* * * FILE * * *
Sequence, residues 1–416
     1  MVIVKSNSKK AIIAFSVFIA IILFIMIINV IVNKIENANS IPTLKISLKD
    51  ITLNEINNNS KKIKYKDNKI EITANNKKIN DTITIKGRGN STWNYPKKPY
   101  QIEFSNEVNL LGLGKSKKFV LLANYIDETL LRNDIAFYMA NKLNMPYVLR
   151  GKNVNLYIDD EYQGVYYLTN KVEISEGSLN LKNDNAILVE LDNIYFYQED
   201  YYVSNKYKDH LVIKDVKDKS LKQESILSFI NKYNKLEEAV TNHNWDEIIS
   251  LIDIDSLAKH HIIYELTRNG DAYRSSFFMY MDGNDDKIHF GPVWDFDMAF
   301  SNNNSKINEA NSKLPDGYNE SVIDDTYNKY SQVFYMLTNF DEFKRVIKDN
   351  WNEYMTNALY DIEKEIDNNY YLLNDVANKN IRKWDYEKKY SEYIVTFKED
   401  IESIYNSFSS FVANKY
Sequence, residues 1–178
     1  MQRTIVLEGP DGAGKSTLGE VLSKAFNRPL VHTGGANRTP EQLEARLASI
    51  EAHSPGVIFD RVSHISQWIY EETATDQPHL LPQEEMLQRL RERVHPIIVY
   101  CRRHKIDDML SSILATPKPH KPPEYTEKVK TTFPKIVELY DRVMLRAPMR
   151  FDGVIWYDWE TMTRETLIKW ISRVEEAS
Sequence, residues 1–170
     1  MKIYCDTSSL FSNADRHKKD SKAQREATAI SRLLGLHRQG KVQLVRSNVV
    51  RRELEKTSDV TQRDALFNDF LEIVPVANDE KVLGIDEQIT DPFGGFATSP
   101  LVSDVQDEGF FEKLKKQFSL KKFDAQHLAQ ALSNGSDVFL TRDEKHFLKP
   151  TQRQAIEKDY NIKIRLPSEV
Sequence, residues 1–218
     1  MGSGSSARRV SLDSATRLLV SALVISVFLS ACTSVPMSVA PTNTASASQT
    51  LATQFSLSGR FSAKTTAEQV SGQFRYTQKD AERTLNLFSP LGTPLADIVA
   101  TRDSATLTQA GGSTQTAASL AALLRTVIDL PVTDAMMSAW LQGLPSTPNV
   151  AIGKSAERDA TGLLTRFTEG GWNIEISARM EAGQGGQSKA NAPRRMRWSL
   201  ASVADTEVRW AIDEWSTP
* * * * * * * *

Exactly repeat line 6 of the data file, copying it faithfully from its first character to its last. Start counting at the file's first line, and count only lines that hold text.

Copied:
   201  YYVSNKYKDH LVIKDVKDKS LKQESILSFI NKYNKLEEAV TNHNWDEIIS